3. Youthful – it is so important for anyone working with youth to remain youthful. Empathy again becomes an important mentoring quality. What is this young person’s story? What are their hopes and dreams? What are their fears? Who influences them the most? So, we take a positive attitude into our mentoring relationship, including gentleness, compassion, kindness and tolerance towards a young person whose brain is still developing as they seek meaning and purpose in their life.
4. Motivation – the mentor’s consistent presence, travelling at the pace of the young person, can be transformational in that young life. Ongoing encouragement, no matter how small the step achieved towards the ultimate goal, builds resilience. Explore together the lives of the young person’s hero or heroes, as well as any heroes you have had over the years. Why these people? How are they Olympians? What positive qualities did they possess? In another blog I have shared the life of one of my Olympic heroes, Eric Liddle. You can imagine different scenarios and discuss these with your mentee to prepare them as thoroughly as possible for the challenges ahead.
5. Perseverance – there will likely be a few times when a young person finds the goal setting process too hard, or they are distracted by other people – often negative peer pressure – or other things. They are scared of failure or moving out of their comfort zone. Every Olympian is likely to have been through such experiences, but they persevered, bounced back and continued the journey to achieve their goal. Youth need to hear the mentor’s authentic voice speaking to the potential they might not be able to see at that moment. Remind them of people like Thomas Edison who refused to think of failure during the thousands of experiments before he successfully developed the light bulb – learn something from every unsuccessful attempt and keep striving to reach the goal. Effort is more important than the eventual outcome in the eyes of an effective mentor. The encouragement from the non-judgmental mentor cheerleader can transform a young life. The aim is to hear your mentee echo the words of many Olympians: “I gave it my all”; “I left everything out there”. This is what doing your personal best is about.
6. Integrity – focus on being authentic at all times. Coach the young person how to be humble in victory and gracious in defeat; not to be too hard on themselves; never to cheat; never to be afraid to ask for help, and to have a positive and honest attitude at all times, no matter what the personal cost might be.
7. Choices – a great lesson from the Olympics is how Olympians have made choices along the road to the Olympics, even in their individual events at the games: “Should I try this strategy?” “Should we take a calculated risk?” “What if we do this or that?” Share thoughts with youth about the importance of self-discipline, self-control, and always striving to be a positive role model because “people are watching” them. Share a photo like that below of the world number one tennis player smashing his racquet in frustration at the Olympic games. Ask questions like: “What do you think of this behavior?” “How do you think the player’s sponsors will feel?” “Should there be a more serious consequence than simply receiving a warning (code violation)? Why, or why not?” “How much do you think a racquet like this might cost?” “How do you think this sort of behavior could be linked to becoming a professional athlete who earns millions of dollars a year?” “Is he a role model you look up to? Why, or why not?”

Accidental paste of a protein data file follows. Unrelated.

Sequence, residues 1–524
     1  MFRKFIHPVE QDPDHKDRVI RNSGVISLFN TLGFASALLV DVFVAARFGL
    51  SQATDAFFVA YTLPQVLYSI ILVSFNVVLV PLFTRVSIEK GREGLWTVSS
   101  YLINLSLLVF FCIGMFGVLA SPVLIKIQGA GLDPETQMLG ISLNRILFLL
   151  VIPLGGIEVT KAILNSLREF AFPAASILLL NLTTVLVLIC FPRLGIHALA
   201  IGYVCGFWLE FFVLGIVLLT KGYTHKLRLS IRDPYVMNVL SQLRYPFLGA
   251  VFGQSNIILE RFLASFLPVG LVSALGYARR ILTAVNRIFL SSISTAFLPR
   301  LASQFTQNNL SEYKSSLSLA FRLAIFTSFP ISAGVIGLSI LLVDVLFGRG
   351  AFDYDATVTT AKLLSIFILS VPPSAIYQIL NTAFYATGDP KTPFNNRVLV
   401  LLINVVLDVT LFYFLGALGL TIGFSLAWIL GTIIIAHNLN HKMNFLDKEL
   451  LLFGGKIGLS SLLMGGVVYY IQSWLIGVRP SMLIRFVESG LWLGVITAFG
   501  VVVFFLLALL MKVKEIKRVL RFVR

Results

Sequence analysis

8. Selfless – the most challenging quality of an authentic Olympian is selflessness, though many would disagree with this point: an unselfish, generous, self-sacrificing, even altruistic attitude which inspires others. For example, when one athlete heard that they would receive a financial payment for their medal achievement, they immediately gave the money to their needy parent. Selflessness inspires others, epitomized so well by Nicola McDermott in the photo above. Nicola genuinely expressed joy, enthusiasm, courage and humility – as did many other Olympians – as she participated in the high jump and won a silver medal, also achieving a “personal best”. I loved her smiling approach each time she jumped. She was authentic and, when asked about this after her event, she shared the power of her Christian faith which inspired her to reach great heights, while also expressing gratitude to her coach for all the sacrifices he had made in support of her. A mentor who models selflessness must never underestimate how this will impact a young life.
Words of encouragement
If you are looking for words of encouragement as a parent, teacher, coach, youth worker or mentor, here are some short user-friendly books available on my website, or through Wipf and Stock publishers, or on Amazon and Kindle. May your light burn brightly – like the Olympic flame – in the life of your mentee as they seek a pathway to reach their potential.